26/10/2011

WONDERFUL WEDNESDAY - GOTHIC READS: MARY SHELLEY'S FRANKENSTEIN (1818)

I'm not an expert of contemporary  Gothic fiction nor I can say I'm fond of this genre. I've already confessed I never could get to the end of Bram Stoker's Dracula  and I've only recently read a couple of romances with vampires or werewolves as their protagonists. It was fun: light readings to spend a few carefree hours on. (HERE and HERE)
However, this week's topic is also one of the topics I'm working on with my students at school, and I'm glad of that. At least, they - my teenage students -  are really fond of gothic stories! My last year pupils, and I are studying the spread of the Gothic vogue at the end of 18th century,  when the interest in in that new genre was common to all strata of society after the success of the first "gothic tale", The Castle of Otranto by Horace Walpole (1764)
The concept of the "Sublime" , or "horrible beauty" , also influenced the rise of the  Gothic novel in those years through the work of the philosopher Edmund Burke,  where the sublime was linked to both the idea of self-divinity and a celebration of terror. The gothic symbols of the wanderer, the vampire and the overreacher who seek forbidden knowledge reflect the wish to go beyond God, nature and human limits: these figures all are individualists who are not satisfied with their own society.



I find all that extremely interesting, fascinating. What I can't bear instead is violence for violence sake. Macabre or  bloody scenes are something I always try to avoid. So far from what I like!

After Walpole, many other writers achieved great success writing and publishing Gothic novels in those last years of the century, among them  Ann Radcliffe (The Italian, The Mysteries of Udolpho), Matthew Lewis (The Monk) and  William Beckford (Vathek). 
Then,  after about 50 years from the publication of the first Gothic tale, Mary Shelley published an atypical work, a Gothic story which is still considered a great classic with extraordinarily modern ideas and messages: Frankenstein or the Modern Prometheus.
The first Gothic novels had just one purpose: to entertain the readers frightening them. No messages, no themes. The characters were flat, prototypes indeed:  the pure, naive, overreactive, sentimental heroine, the brave, noble  hero who will rescue her from the persecution of the wicked, murderous villain. 
Mary Shelley has left us much more than that. Frankenstein is a novel with a complex , multilayered narrative structure, controversial characters and thought-proking themes and messages. 

Frankenstein's striking originality lays in its several connections with the ideas of the Romantic Age as well as  in its being Gothic but so distant from the tradition.
It is not set in an ancient castle or convent nor in a Catholic country. Switzerland and the North Pole are the wild, exotic settings chosen by Mrs Shelley.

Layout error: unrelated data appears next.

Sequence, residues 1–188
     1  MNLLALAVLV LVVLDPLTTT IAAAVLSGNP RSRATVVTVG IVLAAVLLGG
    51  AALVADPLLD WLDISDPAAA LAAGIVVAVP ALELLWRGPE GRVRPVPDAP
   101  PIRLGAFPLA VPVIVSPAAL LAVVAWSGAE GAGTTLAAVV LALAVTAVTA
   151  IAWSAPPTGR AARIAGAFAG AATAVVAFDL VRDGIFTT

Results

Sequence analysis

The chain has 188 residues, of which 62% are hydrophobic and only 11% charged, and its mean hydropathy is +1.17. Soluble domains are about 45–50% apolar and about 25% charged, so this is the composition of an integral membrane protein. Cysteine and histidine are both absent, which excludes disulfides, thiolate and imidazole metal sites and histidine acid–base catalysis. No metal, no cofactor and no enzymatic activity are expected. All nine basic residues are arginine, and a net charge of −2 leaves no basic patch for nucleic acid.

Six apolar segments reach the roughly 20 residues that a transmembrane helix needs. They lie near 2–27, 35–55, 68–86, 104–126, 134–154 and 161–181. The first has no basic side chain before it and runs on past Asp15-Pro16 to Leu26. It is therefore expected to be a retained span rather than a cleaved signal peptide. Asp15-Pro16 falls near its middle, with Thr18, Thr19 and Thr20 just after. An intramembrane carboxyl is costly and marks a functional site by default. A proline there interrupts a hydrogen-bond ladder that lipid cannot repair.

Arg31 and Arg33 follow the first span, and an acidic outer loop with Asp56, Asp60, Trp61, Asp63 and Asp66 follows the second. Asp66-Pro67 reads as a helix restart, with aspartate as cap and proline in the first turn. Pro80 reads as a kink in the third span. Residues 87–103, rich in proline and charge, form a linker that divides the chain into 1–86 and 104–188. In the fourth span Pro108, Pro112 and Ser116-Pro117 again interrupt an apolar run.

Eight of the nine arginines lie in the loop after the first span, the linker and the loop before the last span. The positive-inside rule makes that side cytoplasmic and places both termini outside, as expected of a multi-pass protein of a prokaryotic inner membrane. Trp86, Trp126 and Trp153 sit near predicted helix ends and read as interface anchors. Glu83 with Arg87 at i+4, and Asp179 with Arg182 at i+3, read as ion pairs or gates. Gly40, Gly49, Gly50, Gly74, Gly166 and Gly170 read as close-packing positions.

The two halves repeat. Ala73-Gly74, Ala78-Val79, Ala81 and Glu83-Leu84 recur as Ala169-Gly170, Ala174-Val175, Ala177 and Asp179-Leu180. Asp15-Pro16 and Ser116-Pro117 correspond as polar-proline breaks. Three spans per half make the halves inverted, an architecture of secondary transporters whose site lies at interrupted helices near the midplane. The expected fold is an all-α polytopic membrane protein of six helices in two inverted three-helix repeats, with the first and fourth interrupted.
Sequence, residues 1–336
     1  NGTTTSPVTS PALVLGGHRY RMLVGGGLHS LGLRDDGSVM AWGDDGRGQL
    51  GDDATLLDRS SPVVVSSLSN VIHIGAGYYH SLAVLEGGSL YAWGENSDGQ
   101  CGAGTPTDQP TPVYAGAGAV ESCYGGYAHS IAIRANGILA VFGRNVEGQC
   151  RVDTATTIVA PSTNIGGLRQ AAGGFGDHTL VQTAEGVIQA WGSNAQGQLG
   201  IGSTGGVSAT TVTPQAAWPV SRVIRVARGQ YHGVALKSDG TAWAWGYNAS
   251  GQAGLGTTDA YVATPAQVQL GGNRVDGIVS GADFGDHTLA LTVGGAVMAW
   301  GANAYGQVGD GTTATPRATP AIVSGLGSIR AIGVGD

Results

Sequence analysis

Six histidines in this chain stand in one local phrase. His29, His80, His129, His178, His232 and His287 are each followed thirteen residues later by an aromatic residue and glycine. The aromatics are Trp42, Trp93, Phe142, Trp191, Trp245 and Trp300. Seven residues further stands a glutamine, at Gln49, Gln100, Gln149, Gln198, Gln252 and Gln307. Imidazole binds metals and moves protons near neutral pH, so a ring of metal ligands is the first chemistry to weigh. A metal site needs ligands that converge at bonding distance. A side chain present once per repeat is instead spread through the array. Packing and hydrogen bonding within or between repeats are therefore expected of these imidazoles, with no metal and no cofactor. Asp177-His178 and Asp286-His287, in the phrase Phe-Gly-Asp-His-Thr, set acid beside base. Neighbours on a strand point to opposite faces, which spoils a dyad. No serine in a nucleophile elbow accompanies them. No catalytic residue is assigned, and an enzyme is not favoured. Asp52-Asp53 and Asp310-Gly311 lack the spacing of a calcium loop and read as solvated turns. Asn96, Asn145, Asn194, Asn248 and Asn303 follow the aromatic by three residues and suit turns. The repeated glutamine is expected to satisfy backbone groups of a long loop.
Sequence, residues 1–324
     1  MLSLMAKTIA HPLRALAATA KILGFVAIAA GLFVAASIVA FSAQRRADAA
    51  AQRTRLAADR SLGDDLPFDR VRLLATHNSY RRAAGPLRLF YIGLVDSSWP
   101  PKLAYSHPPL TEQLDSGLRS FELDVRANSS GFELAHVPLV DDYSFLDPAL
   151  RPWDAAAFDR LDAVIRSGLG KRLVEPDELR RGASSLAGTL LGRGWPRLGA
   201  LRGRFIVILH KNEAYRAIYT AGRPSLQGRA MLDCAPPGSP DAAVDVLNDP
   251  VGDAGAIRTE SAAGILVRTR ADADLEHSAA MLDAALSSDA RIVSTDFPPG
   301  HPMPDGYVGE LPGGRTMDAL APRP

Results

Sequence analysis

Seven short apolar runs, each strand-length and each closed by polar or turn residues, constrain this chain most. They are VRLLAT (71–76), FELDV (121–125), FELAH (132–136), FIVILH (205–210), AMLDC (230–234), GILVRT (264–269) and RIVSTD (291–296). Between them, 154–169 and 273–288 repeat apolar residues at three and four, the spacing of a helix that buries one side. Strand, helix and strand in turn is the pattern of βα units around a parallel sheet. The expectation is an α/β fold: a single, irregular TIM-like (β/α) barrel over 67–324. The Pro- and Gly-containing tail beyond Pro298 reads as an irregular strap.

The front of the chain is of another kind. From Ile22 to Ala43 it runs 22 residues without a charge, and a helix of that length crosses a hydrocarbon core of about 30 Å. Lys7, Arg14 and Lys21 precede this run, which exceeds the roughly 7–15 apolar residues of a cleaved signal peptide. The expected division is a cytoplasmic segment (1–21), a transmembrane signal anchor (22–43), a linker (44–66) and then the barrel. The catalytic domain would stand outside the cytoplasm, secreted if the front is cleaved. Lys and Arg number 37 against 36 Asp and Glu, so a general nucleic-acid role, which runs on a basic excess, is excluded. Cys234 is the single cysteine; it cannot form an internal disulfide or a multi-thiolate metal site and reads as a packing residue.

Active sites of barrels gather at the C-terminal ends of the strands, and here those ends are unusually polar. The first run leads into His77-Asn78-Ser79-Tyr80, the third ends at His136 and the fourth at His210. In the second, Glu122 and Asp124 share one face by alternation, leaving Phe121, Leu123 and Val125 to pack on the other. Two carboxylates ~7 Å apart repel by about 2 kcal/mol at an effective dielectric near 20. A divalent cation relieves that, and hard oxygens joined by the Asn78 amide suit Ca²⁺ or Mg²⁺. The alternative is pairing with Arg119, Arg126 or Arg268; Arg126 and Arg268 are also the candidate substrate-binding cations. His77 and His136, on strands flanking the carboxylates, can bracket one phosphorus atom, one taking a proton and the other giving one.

It does not deal with supernatural events: no ghosts or vampires in it. One of its protagonist is  a creature brought to life through a scientific experiment.
This monstruous creature can be considered Rousseau's "good natural man" . He was born good, generous and naive but was turned into a murderous monster by the rejection of all the human beings he met due to his ugly aspect.
His creator is an overreacher, a modern Prometheus, a tragic, sad hero who is doomed to fail in his challenge to God and Nature. In the monstruous creature he has brought to life he recognizes the worst part of himself: he is the embodiment of his monstruous ambition. The thrilling theme of the double is effectively and doubly proposed here, not only in the pair Victor Frankensten /his creature but also in the one formed by Captain Walton /Victor Frankenstein . The young adventurous explorer spots something of himself in the wretched, exhausted,  desperate scientist : his own dangerous ambition. Anyhow, he has the chance to stop in time and save himself from the same tragic fate. The fortuitous meeting saves him from certain failure.

I don't know how well you remember  this novel but I'm sure it is the only horror novel I've always found truly interesting. The reasons are in all the above.

Last but not least, it is also the first science - fiction novel ever written in literature, proposing issues we nowadays still discuss  in Bioethics.

And all this came from a young woman, only 21 years old, who won both the competition against her poet friends - at Villa Diodati, near Lake Geneva,  in 1816 she accepted to challenge Byron and P.B. Shelley  in a writing contest for the best ghost story  -  and  that against Time.

Wonderful Wednesdays is a meme about spotlighting and recommending some of our most loved books, even if we haven't read them recently. Each week will have a different genre or theme. It is hosted on Tiny Library by lovely Sam.

2 comments:

Sam (Tiny Library) said...

Thanks for taking part even if gothic fiction isn't really your thing!

I studied Frankenstein at school and to be honest, I think we overanalysed it which did take a lot of the enjoyment out of it for me.

MARIA GRAZIA said...

@Sam
I found really very difficult to read a book just for the plot. I tend to ... overanalysed. Is it maybe because I am a literature teacher?
Never mind. My students seem very interested and surprised to discover there's always much more behind a story. Well, many of them, discover that Frankenstein is not the name of the creature! What they usually think before reading the book or part of it with me :-/
Thanks Sam for hosting this meme and for commenting!